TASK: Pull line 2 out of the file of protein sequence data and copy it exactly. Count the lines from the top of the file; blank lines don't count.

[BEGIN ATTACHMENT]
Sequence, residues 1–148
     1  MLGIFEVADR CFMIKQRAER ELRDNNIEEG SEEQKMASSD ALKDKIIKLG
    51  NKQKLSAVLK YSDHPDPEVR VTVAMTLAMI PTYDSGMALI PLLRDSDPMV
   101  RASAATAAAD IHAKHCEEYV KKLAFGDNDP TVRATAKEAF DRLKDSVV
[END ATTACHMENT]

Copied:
     1  MLGIFEVADR CFMIKQRAER ELRDNNIEEG SEEQKMASSD ALKDKIIKLG